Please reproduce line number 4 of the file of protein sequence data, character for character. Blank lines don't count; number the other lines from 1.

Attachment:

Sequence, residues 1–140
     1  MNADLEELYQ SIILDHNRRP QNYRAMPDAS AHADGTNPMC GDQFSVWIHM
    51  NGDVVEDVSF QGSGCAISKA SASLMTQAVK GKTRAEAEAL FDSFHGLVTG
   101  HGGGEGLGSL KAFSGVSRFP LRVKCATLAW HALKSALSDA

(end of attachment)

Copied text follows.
   101  HGGGEGLGSL KAFSGVSRFP LRVKCATLAW HALKSALSDA